Whether you’re the kind of holidaymaker who lives for adrenaline or you prefer a more sedate adventure, you’ll need something to read on your travels. A plane journey without a book is unthinkable - and don’t even get us started on a day at the beach without something to read.
Holidays come in many different shapes and sizes, and your reading choices should reflect this. If you’re unsure of what to read, we’ve listed some suggestions below.
There’s a good chance that you’ll be lounging around on the hot sand for most of the day, thinking idle thoughts. However, that’s no reason to let your mind grow lazy. On the beach, you want something that you can dip in and out of easily - much like the sea - and something which will keep you entertained without overdoing it (no chick flicks here). The Beach by Alex Garland should be on top of your reading list, along with The Catcher in the Rye by J.D. Salinger and Women by Charles Bukowski (just watch out for the somewhat-saucy content; you won’t like this if you’re easily shocked).
After a challenge? Tackle Tolstoy’s Anna Karenina; it’s a bit of a monster, but you’ll be glad you gave it a go.
Nobody has much time to read on a skiing holiday, but it’s always good to have something light to hand for the flight and any evenings where you’d like to read for a bit before sleeping off your après-ski indulgences.
The Adrian Mole books by Sue Townsend are always a good bet - funny, hugely entertaining and, most importantly of all, can be read in small segments. Bonjour Tristesse by Françoise Sagan is set in the sun, but it’s easy to pick up and put down, much like Laurie Lee’s Cider with Rosie and The Key by Jun'ichirō Tanizaki. Nothing too taxing here - and nothing that’ll keep you awake at night.
Much like a skiing holiday, a city break doesn’t leave you with much time to read - maybe you’ll grab 20 minutes in cafes and on buses here and there, but as a rule, you’ll be on your feet all day and out all night.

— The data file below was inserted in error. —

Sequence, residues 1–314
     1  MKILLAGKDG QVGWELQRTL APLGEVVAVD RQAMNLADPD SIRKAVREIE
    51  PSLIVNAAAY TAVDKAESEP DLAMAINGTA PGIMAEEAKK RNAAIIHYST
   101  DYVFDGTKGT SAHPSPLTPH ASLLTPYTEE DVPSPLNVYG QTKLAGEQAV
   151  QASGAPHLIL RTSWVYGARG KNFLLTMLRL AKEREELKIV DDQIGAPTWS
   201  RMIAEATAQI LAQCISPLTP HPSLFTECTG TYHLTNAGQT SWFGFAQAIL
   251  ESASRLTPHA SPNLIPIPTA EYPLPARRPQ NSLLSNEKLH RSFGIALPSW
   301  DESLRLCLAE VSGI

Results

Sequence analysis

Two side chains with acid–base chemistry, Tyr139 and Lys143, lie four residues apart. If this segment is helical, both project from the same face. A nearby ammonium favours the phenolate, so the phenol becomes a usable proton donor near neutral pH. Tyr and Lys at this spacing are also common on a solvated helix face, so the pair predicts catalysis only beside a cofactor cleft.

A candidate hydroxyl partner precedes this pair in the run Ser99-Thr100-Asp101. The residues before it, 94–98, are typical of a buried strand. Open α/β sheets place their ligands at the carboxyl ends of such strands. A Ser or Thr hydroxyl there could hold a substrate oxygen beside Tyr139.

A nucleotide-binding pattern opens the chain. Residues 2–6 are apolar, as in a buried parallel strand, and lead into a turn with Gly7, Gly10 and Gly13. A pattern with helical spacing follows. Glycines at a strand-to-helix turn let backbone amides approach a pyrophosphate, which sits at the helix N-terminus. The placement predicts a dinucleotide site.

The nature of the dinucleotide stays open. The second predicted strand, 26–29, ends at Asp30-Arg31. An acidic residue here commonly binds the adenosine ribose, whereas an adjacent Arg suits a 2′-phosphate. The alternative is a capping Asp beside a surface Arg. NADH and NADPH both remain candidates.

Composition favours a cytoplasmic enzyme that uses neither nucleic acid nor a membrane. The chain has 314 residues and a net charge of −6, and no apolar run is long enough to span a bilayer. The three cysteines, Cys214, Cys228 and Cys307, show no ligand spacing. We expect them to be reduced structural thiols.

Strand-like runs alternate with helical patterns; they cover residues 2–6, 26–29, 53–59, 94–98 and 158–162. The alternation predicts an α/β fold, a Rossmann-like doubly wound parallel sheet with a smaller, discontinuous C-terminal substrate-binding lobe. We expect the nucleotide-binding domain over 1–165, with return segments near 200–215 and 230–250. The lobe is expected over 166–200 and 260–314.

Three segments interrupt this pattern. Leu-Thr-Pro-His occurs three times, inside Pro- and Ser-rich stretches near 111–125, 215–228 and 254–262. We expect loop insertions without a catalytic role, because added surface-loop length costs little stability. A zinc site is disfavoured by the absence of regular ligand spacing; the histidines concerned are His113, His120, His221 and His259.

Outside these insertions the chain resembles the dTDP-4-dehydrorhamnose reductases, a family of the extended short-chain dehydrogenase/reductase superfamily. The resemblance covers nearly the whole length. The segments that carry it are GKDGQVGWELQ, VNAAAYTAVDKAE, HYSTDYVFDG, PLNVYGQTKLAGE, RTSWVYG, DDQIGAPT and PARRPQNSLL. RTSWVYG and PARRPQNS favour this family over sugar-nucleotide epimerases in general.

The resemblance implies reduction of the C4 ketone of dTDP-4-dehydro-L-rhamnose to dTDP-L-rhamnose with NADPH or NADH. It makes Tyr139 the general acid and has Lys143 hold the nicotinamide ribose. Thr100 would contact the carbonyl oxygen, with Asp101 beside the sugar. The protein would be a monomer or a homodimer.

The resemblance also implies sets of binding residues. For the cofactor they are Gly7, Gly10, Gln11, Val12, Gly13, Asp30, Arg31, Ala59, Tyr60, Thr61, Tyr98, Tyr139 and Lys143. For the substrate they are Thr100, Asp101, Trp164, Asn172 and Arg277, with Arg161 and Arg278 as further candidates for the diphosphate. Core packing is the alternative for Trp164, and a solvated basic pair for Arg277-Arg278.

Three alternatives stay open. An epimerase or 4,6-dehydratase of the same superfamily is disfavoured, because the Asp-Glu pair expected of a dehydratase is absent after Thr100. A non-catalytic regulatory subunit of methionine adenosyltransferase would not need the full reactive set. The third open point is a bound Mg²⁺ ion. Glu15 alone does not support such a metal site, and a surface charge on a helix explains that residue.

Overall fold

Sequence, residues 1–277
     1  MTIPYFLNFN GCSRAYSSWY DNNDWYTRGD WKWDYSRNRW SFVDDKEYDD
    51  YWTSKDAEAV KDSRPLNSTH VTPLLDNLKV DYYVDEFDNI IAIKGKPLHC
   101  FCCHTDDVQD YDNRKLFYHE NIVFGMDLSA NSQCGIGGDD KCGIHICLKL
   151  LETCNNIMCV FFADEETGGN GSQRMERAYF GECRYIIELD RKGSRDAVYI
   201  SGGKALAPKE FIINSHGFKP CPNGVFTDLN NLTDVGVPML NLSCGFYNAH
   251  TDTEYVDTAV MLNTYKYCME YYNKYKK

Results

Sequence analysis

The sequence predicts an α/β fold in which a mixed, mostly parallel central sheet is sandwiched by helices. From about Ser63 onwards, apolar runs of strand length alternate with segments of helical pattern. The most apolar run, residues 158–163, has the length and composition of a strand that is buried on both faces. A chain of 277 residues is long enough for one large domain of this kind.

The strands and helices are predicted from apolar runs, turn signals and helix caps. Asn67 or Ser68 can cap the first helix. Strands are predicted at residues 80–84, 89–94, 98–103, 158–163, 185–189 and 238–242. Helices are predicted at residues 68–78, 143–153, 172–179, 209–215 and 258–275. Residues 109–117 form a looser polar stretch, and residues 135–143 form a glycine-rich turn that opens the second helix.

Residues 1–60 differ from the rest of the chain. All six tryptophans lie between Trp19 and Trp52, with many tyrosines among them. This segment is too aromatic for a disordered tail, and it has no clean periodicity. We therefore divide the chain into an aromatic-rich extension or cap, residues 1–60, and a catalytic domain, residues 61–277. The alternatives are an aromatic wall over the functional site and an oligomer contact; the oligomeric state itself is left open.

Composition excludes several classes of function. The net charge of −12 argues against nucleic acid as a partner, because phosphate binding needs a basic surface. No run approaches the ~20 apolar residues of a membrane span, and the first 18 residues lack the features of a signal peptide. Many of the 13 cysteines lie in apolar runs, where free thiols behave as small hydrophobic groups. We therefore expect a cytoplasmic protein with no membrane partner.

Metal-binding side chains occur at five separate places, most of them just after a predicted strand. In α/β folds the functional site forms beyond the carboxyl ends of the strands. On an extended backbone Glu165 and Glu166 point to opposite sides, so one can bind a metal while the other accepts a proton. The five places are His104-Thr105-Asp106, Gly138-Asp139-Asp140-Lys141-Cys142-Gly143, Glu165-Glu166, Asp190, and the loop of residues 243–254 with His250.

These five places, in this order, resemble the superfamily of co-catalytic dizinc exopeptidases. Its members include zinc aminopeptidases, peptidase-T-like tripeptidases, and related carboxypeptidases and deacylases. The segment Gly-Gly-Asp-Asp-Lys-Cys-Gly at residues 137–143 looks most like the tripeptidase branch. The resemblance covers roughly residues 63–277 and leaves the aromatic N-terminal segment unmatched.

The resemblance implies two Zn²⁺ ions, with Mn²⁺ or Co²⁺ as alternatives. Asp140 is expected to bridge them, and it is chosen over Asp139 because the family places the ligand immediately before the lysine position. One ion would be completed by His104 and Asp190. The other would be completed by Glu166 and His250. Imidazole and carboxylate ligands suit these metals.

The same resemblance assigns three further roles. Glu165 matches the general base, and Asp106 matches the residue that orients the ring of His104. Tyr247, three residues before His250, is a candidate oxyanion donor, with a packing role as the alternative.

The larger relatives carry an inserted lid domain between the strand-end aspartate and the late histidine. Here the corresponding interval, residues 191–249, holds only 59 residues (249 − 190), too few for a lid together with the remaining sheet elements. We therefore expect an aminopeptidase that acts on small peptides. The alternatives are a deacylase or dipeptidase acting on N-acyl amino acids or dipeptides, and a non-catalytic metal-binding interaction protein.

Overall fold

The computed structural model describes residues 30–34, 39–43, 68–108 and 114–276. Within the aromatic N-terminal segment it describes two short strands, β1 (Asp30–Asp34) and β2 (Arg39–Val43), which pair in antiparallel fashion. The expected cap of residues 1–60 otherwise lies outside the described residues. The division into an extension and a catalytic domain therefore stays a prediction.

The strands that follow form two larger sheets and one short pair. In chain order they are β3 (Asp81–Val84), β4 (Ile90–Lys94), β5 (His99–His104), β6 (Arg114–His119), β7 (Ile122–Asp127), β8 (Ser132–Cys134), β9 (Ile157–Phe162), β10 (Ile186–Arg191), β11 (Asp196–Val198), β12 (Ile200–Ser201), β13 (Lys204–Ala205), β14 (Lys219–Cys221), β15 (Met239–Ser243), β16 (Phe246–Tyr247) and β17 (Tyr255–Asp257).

George Orwell’s Down and Out in Paris and London is always good for channelling that urban vibe; the same goes for his other novel, 1984, although that’s best suited to those exploring London. If you find yourself in Morocco, we recommend Hideous Kinky by Esther Freud. Stay away from anything 50 Shades-related at all costs, even if you’re exploring Washington. Don’t let your standards slip, people.
On cruises, you’ll see and be seen, so it’s important that your reading material makes a statement. Don’t pick anything too obvious or anything that’ll get tongues wagging; this is not the time to sit with your mouth open reading the latest Stephen King or anything with a pink cover and a vaguely insipid title which has been given five stars by Cosmopolitan.
Pick something that has a bit of a kick to it; Oranges Are Not the Only Fruit by Jeanette Winterson, Less Than Zero by Bret Easton Ellis and The Sense of an Ending, Julian Barnes’ 2011 offering, are all good fodder for poolside chat. Angus Wilson’s Hemlock and After is guaranteed to make you a few friends around the dinner table; it’s a candid portrayal of gay life in post-World War II England. Let the discussions commence.
Firstly, be aware that anything paper tends to suffer during a camping holiday, so don’t take your beloved vintage Penguin classics anywhere, and, of course, be aware that your Kindle may take a battering.
You’ll want something funny to amuse you when you’ve been up all night keeping the ants out of the jam. Try The Timewaster Letters by Robin Cooper, Moby Duck by Donovan Hohn (a bit of background for you here; a shipping container full of plastic bath toys went overboard in the Pacific in 1992. People are still finding the toys on beaches all over the world), and anything by David Sedaris. Me Talk Pretty One Day is our favourite Sedaris novel; however, they’re all brilliant, and will have the rest of the campsite wondering what you’re hooting at.
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